Smart Streetlights Are Now Exclusively a Tool for Police
The stream of transit and mobility data provided by the streetlight cameras — one of the selling points of the program — was turned off several weeks ago. With the blessing of the mayor’s office, the data is now accessible to the police alone.
San Diego’s smart streetlights program — pitched to the City Council as a means of public planning to capture data about air quality and traffic — is now officially and exclusively a tool for local police, with the consent of the mayor’s office. The stream of transit and mobility data, one of the original selling points for the program, was turned off several weeks ago.
What the program looks like long term is still an open question. Some elected officials, including the Council president, have signaled support for winding it down permanently, and they’re scheduled to debate its ongoing financing on Tuesday.
In May, Ubicquia, an electronics manufacturer based in Fort Lauderdale, Fla., purchased the technology that underlies San Diego’s smart streetlights from the Boston-based GE Current. Since then, Ubicquia and the city’s Sustainability Department have been engaged in contract negotiations.
In 2016, when the City Council approved the original deal, officials said the program would pay for itself through energy cost-savings. Instead, it’s been plagued by cost overruns, lax supervision and a lack of properly trained staff, according to an internal memo obtained by NBC 7. In February, a top city manager vowed to “aggressively” renegotiate the city’s contractual relationship with its outside vendor.
That effort is ongoing. Christina Chadwick, senior press secretary for Mayor Kevin Faulconer, said officials intend to put a revised contract in front of the City Council in September.
In the meantime, the city’s Sustainability Department requested that Ubicquia shut down the entire smart streetlights system because officials didn’t want to incur additional costs for the service until the City Council signed off on a new agreement. The company, in turn, according to the mayor’s office, offered to keep the video footage accessible to the San Diego Police Department at no cost.
“The mayor considered that offer acceptable because the footage has proven to be an effective public safety tool many times over,” Chadwick wrote in an email.
As of June 30, the visual sensors attached to streetlights across the city stopped producing various types of data. The technology has never worked great — it’s never produced all the data that boosters of the program promised. Last week, though, UCSD researchers who’ve been interested in the privacy implications of the data attempted to gain access to the city’s portal and couldn’t. They were greeted with error messages.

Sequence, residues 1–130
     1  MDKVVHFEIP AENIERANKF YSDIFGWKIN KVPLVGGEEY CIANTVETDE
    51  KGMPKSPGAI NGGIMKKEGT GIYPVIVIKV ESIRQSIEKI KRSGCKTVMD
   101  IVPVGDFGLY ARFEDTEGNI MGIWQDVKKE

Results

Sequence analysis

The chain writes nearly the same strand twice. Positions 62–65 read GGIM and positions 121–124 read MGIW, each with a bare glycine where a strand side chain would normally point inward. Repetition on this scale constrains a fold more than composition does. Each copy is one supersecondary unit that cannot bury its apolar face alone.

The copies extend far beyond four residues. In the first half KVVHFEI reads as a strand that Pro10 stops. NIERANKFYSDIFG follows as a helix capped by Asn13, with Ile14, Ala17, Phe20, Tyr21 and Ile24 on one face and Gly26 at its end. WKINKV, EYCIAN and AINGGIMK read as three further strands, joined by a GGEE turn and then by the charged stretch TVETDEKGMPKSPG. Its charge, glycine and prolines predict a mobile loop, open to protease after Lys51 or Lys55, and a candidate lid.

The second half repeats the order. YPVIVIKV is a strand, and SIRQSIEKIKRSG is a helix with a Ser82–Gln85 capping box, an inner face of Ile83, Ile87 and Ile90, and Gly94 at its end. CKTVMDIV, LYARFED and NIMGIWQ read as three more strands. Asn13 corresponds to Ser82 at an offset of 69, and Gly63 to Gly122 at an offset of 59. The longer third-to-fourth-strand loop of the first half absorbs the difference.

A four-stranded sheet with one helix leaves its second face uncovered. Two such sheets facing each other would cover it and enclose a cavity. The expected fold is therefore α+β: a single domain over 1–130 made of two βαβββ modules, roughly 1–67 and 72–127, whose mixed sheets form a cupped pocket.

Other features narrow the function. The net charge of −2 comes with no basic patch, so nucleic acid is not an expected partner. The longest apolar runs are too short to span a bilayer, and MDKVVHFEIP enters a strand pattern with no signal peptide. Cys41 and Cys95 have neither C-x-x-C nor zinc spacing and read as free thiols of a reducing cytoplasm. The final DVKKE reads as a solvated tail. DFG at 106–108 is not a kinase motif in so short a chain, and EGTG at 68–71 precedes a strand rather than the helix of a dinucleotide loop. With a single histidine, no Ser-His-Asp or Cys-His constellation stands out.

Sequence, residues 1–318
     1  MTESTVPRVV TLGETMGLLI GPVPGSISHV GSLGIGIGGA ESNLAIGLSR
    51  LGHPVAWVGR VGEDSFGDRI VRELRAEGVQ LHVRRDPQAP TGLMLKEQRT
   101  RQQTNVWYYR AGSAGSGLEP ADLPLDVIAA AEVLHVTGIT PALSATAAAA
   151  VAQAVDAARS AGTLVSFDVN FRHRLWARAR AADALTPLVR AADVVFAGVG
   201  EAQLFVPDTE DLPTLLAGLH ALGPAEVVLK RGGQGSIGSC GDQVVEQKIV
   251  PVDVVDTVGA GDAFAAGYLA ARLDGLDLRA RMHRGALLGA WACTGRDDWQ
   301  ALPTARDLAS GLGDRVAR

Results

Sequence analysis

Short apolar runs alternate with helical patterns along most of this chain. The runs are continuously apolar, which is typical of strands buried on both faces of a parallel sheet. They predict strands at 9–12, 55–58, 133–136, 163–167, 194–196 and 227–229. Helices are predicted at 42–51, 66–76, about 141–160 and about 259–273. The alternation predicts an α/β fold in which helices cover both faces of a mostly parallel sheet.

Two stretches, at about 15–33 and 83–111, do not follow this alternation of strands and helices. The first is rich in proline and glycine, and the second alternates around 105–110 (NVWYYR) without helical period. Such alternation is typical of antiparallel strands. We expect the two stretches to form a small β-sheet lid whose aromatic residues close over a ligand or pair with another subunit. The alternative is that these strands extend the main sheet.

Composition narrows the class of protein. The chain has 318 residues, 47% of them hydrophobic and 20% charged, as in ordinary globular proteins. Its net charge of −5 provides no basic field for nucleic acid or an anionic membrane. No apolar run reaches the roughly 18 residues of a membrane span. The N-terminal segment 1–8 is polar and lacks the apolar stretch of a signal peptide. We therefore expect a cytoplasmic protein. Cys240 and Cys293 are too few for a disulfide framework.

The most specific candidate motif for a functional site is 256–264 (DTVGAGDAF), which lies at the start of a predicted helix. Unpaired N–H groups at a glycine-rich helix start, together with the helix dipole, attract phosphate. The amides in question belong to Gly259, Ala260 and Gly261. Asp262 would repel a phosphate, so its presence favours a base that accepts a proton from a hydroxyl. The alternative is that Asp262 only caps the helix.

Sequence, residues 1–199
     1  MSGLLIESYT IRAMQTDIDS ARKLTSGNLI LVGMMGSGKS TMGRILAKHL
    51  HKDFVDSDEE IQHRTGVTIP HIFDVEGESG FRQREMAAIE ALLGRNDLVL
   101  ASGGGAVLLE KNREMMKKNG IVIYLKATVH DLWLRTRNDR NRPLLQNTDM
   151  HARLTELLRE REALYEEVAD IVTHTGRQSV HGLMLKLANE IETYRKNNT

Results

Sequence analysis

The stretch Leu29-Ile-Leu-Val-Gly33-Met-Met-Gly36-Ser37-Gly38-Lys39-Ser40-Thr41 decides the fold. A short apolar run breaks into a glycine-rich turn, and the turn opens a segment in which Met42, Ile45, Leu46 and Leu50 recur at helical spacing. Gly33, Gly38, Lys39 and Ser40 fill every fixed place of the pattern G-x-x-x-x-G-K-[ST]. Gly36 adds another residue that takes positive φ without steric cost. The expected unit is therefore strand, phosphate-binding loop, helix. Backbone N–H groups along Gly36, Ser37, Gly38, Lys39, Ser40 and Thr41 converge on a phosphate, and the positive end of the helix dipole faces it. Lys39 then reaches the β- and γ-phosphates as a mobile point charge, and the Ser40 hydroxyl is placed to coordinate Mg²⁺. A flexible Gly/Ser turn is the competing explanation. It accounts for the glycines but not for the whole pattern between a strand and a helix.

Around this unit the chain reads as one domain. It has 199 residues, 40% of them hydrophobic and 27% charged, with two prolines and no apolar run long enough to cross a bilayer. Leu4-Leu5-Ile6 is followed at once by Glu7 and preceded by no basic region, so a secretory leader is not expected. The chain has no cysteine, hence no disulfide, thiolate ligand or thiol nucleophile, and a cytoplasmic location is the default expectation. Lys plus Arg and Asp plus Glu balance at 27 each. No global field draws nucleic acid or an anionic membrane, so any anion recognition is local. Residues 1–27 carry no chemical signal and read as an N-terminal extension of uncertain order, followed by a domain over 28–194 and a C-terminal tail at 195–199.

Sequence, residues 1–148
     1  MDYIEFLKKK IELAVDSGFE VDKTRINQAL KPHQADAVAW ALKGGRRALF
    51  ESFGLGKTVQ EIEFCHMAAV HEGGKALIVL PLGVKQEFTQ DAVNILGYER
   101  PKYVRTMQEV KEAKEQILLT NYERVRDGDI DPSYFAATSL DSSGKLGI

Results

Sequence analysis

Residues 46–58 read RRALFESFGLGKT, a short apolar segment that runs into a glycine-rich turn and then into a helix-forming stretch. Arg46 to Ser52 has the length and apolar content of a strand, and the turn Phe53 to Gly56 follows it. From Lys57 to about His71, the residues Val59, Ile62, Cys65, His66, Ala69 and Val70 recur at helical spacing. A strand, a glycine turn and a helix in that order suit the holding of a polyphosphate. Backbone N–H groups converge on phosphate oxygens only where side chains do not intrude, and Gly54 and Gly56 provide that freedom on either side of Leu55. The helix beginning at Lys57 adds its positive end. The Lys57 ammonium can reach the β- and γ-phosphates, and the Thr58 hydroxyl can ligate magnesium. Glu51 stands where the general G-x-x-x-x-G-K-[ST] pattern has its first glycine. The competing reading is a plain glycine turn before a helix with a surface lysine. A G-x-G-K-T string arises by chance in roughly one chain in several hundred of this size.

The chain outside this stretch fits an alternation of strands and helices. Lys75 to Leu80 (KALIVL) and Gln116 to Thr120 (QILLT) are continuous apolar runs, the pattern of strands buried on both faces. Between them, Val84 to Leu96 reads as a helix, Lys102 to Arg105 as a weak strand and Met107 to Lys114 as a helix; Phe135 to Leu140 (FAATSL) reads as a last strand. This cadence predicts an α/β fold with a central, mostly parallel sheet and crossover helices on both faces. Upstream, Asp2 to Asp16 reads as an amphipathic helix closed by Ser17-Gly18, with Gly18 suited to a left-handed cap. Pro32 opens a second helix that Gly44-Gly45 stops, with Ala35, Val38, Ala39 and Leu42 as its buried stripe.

The city has also posted a notice on its website that the public planning data is temporarily suspended.
“Ubicquia has committed to continuing to provide the city with video footage of serious incidents where bodily harm has occurred upon request by the police chief or assistant chief,” Chadwick said. “Should video need to be accessed during this period, staff will notify the City Council within 24 hours.”
The company declined to shed light on the ongoing contract negotiations. Instead, a public relationship professional sent over a statement on behalf of Ubicquia CEO Ian Aaron: “We are committed to working with the city of San Diego and the community to take advantage of the significant investment made to make San Diego and their residents safer, more efficient and more connected.”
The smart streetlights have been an ongoing source of controversy for more than a year, as the technology experienced mission creep, meaning the devices were deployed for one stated purpose but wound up serving another. During the recent Black Lives Matter protests in late May and early June, SDPD accessed the streetlight cameras at least 35 times in search of evidence to be used against protestors accused of vandalism, assault and other crimes.
Last week, the city’s Public Safety Committee approved the first draft of an ordinance intended to set new rules around the use and acquisition of surveillance gear. They also gave their initial blessing to the creation of a new privacy advisory commission, which goes before the city’s Rules Committee on Wednesday.
But first, the full City Council will turn its attention to the financing of the smart streetlights program. After initially proposing a $2.1 million budget for the 2021 fiscal year, Faulconer requested that elected officials dramatically scale back the size of the program and the number of streetlight sensors by placing it under the city’s Community Parking District budget, which come from parking meter revenue, at a total cost of about $825,000.
That discussion is scheduled for Tuesday.